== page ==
3.4.2 Corrosion resistance performance Electrochemical impedance studies (EIS)

Nyquist plots of ROHA and ROHA/SNP were obtained at various immersion time periods (1, 4, 7, 10, 13, 16, and 19 days) in 3.5 wt% NaCl solution. As illustrated, the EIS plots of ROHA and ROHA/SNP nanocomposite coatings after the specific period of immersion displayed a one-time constant equivalent circuit model presented in Figure 8, displaying electrolyte resistance (R s), coating capacitance (C c), and coating resistance (R c). As can be seen in Table 2, the pure ROHA and ROHA/SNP coatings reveal that with an increased period of immersion, the solution resistance and coating resistance decrease because corrosive ions can gradually infiltrate via pores and capillary of the nanocomposite coating to adhere to the surface metal. Nyquist plots of ROHA and ROHA/SNP coatings showed similar behavior in terms of R s, R c, and C c. Furthermore, it could be seen that the arc frequencies decreased with time, which indicated an increase in corrosion. It can be due to the generation of pores in the nanocomposite coating or an increase in the exposed area of the existing pores.

Figure 8 
                        EIS (a) and Bodetheta (b) spectra of ROHA coating.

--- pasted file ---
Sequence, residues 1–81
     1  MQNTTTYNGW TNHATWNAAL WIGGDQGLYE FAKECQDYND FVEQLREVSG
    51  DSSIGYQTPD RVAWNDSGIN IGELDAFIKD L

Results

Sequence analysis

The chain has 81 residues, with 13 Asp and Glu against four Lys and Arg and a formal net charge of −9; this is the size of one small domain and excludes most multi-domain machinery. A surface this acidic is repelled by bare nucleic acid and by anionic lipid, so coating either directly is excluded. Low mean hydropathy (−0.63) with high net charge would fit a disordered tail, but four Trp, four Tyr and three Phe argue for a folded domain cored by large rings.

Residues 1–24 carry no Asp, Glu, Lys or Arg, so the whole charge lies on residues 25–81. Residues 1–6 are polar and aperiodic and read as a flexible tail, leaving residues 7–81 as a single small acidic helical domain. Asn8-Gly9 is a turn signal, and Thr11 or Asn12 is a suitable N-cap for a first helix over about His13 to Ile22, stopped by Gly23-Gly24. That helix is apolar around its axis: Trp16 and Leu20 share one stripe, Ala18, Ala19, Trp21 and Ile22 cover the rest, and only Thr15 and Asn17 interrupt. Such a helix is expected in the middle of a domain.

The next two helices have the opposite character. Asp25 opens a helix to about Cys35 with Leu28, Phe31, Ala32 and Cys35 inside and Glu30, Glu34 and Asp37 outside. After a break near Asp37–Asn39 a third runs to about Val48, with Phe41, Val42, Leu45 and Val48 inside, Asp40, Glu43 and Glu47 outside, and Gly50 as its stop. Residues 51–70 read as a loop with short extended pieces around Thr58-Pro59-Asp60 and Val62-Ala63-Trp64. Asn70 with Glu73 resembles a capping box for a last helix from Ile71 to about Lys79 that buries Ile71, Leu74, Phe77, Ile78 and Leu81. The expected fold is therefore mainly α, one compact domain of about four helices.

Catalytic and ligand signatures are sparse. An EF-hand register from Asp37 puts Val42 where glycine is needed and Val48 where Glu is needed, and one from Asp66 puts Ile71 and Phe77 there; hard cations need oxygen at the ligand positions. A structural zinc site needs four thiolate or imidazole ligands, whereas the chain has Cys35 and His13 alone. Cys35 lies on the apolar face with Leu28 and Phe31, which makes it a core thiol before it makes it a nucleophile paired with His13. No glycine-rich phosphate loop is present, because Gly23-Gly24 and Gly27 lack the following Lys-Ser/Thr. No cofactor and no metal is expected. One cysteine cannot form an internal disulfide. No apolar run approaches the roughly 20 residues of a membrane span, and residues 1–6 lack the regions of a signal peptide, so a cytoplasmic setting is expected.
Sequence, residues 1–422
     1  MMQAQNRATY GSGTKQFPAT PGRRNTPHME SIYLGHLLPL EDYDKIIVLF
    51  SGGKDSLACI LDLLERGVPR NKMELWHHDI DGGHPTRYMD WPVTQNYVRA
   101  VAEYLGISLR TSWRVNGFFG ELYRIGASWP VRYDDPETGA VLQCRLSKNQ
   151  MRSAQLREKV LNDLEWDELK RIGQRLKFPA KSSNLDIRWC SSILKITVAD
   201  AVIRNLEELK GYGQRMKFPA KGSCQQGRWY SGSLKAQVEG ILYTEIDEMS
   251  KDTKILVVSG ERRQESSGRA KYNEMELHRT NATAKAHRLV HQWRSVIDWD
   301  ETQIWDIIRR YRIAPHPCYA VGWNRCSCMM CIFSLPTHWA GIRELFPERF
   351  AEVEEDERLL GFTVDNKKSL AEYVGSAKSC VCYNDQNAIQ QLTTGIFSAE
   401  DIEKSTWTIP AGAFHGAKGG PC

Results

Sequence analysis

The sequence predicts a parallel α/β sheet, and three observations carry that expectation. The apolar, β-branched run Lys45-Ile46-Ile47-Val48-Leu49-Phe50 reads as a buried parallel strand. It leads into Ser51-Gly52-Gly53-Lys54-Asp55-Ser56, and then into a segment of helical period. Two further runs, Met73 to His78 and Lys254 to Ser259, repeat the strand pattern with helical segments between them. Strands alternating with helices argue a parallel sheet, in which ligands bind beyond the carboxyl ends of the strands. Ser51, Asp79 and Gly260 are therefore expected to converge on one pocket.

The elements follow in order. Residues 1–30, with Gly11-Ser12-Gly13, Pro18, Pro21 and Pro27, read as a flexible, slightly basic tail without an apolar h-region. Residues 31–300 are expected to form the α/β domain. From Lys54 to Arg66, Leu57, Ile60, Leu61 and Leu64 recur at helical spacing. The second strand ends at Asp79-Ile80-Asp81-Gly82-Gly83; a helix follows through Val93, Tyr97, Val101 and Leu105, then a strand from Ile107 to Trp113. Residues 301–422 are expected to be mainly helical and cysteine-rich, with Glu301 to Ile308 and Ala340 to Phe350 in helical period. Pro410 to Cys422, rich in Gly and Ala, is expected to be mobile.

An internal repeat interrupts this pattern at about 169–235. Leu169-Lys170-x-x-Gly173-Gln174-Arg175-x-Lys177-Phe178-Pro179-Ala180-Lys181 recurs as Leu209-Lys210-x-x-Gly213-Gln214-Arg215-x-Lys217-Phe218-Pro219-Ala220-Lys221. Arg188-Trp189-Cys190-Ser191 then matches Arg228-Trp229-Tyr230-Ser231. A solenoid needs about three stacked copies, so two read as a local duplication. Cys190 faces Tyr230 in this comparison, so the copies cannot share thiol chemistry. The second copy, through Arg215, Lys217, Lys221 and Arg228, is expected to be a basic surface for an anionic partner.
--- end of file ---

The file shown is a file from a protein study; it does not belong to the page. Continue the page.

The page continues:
Figure 8

EIS (a) and Bodetheta (b) spectra of ROHA coating.

Table 2

EIS parameters of ROHA coatings in 3.5w/w% NaCl at room temperature

Immersion times (days) Solution resistance, R s (Ω) Coating resistance, R c (MΩ) Coating capacitance, C c (pF) OCP (V) χ 2
1 291 2.59 117 –0.193 1.85
4 283 1.43 119 –0.394 1.12
7 279 1.32 122 –0.403 1.69
10 271 1.26 127 –0.405 1.95
13 264 1.19 133 –0.406 1.13
16 260 1.09 135 –0.413 1.80
19 232 1.02 138 –0.418 1.95
EIS parameters of ROHA/SNP in 3.5w/w% NaCl at room temperature
Immersion times (days) Solution resistance, R s (Ω) Coating resistance, R c (MΩ) Coating capacitance, C c (pF) OCP (V) χ 2
1 281 9.13 109 –0.554 1.67
4 278 8.69 112 –0.550 1.91
7 277 8.54 115 –0.544 1.65
10 261 8.30 120 –0.528 1.59
13 247 8.08 121 –0.464 1.73
16 233 7.56 126 –0.454 1.82
19 220 7.06 130 –0.083 1.39

Impedance responses of ROHA/SNP (Figure 9) show one capacitive arc found at the period of immersion, demonstrating an intact coating with a good barrier against water, oxygen, and corrosive ions. With increasing times of immersion, the resistance of the coating decreases. As shown in the figures, at initial exposure times, the resistance values of ROHA and ROHA/SNP coatings were 2.59 and 9.13 MΩ, correspondingly, which is approximately four times greater than pure ROHA coating. ROHA coating systems showed a one-time constant value even after 19 days of exposure time, which was characterized by a single capacitive loop that described the resistance of coatings. Consequently, the electrochemical behavior of ROHA/SNP coatings could be well inferred by the equivalent circuit model, shown in Figure 8, during all exposure periods. Since all observed impedance values for ROHA/SNP were higher than the plain ROHA coating, it seemed that ROHA/SNP coating showed higher barrier properties due to fine dispersion of SNP.

Figure 9 
                        EIS (a) and Bodetheta (b) spectra of ROHA/SNP nanocomposite coating.
Figure 9

EIS (a) and Bodetheta (b) spectra of ROHA/SNP nanocomposite coating. Coating resistance